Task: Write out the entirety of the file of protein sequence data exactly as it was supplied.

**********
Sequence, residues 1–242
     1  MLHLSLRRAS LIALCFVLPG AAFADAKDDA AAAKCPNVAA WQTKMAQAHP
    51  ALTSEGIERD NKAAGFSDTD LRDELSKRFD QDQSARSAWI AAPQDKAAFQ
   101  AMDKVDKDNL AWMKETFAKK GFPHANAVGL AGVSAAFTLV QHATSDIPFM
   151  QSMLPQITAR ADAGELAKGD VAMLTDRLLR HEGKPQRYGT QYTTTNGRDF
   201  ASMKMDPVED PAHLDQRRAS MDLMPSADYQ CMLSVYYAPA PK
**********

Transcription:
Sequence, residues 1–242
     1  MLHLSLRRAS LIALCFVLPG AAFADAKDDA AAAKCPNVAA WQTKMAQAHP
    51  ALTSEGIERD NKAAGFSDTD LRDELSKRFD QDQSARSAWI AAPQDKAAFQ
   101  AMDKVDKDNL AWMKETFAKK GFPHANAVGL AGVSAAFTLV QHATSDIPFM
   151  QSMLPQITAR ADAGELAKGD VAMLTDRLLR HEGKPQRYGT QYTTTNGRDF
   201  ASMKMDPVED PAHLDQRRAS MDLMPSADYQ CMLSVYYAPA PK